MONDAY MELTDOWN: My Shadow Self Scares Me: Sigmund Freud and Carl Jung

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On this weeks episode, I open up about the hauntings of my shadow self and trying to find the balance between embracing it and managing it with positivity and my bullshit frustration with manifesting things.

Monday Meltdown is Our Weekly Chat with Each Other.

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  • Inspiring thoughts for the Loser community.
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  • Our Meltdowns. (Rant, Vent, Yell, Swear!)


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I grew up, not just in a Christian family, but a positive psychology family.  Our religion wasn’t just Christianity; it was self-help. If you’ve ever experienced the book or the movie “The Secret,” that would be a pretty accurate description of my daily life.

My parents, led mostly by my dad were deeply in trenched into the Word of Faith Teachings of Kenneth Copeland, Kenneth Hagen, and others. Even more than that he was a consultant for a company that took the teachings like “the secret” into major sports teams, Fortune 500 companies, and anyone that would pay them money to teach them how to be more successful.

The idea of positive talk manifesting your destiny and your every desire was so hammered into us that we were never really given the opportunity to talk about our pains. Because if we were “sick” we weren’t “sick” we were “healed or recovering.”

My church was so into this bullshit that they didn’t have church “retreats,” they had church “advances.”

I was raised to believe that the mind is a battleground, negative thoughts are the enemy, and I was constantly supposed to cast out negative thinking and replace it with positive thinking.

I remember growing up and being sick; the process went something like this:

"I’m sick."

"No, you’re not your healed."

"But I feel like crap and have a headache."

"No, you don’t you're healed by the stripes of Jesus. Here, I’ll pray for you. There, you're healed."

Then I would walk away and try to power through the pain reciting in my head with a cult-like mantra; I’m healed. I’m healed. I’m healed. I’m healed.
There were no sick days, only healed days. You powered through and acted like everything was fine until it was.

It’s why to this day I hate the word “manifest, manifesting, I manifested.” It fucking makes me angry because I know it’s bullshit. I didn’t manifest healing, I coped with the symptoms until they went away.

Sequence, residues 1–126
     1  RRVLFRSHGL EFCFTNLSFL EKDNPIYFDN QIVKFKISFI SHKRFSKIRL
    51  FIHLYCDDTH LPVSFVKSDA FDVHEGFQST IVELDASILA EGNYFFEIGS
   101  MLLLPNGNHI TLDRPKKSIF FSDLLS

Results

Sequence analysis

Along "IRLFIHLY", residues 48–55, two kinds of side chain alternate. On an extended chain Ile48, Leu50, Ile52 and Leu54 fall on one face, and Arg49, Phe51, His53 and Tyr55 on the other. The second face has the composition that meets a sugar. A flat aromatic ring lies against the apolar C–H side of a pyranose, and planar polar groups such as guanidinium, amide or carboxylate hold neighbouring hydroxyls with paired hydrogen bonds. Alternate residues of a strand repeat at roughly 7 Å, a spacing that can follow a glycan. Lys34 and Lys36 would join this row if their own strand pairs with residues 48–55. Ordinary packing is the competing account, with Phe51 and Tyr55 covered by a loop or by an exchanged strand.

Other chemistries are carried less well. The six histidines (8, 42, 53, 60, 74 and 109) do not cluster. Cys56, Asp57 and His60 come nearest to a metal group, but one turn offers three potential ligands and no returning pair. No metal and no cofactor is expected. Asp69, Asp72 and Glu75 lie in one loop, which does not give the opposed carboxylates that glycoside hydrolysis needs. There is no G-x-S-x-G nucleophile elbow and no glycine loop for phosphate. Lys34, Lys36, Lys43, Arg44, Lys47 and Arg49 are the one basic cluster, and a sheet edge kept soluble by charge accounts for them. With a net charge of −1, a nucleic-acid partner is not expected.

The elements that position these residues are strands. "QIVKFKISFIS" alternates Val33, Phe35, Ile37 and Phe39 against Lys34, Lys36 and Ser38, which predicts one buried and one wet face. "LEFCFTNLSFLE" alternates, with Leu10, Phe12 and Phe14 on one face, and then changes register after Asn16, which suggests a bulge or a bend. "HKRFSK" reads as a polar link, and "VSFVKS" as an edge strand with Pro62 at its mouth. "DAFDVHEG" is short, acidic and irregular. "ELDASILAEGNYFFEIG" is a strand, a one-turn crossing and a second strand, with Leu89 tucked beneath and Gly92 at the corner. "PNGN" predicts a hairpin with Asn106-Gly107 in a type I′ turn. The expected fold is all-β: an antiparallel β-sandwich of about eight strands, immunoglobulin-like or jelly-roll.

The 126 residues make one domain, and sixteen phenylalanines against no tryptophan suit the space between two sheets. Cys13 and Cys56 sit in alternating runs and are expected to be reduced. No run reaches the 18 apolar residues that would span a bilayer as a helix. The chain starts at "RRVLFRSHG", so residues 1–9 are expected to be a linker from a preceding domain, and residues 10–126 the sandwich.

You didn’t manifest your new car or new house. You fucking got a loan. They only thing you manifested was debt. The American dream.

So my natural reaction after leaving religion was also to put away all this fucking self-help, positive self-talk, warfare. The challenge with putting it away is I’m now faced with the reality of how hard life is without veiled coping mechanisms. Not only have I laid down religion, and parts of god down, I’ve also put down the war going on in my head. Instead of casting out the “negative” thoughts, I’ve embraced many of them.

I’m embracing them in therapy, I’ve embraced them in a lot of areas. My thoughts, no matter how dark, or light they are, are a part of me. I’m a whole person, light dark positive negative.

Sigmund Freud and Carl Jung referred to this as “the shadow self”. The darker part of one's personality.

This repression of the shadow or dark sides of ourselves is the very nature and practice of everyday Christianity. “To die with Christ so that you no longer live, but Christ lives in you.”

The problem with this psychologically is it leads to projection.

This has really affected my relationships with those closest to me. My wife and I are in particular.

This is something I’ve really grown aware of and gotten much better at not doing.

What is the balance between embracing the shadow as myself, realizing the negativity or reality, and then still moving forward positively without delusions of grandeur, without suppressing my shadow side, while at the same time not letting the darkness overwhelm me, haunt me, or drag me down?

I haven’t figured out the answer yet. But I’m on the scary ass journey.

What are your thoughts? Comment Below.



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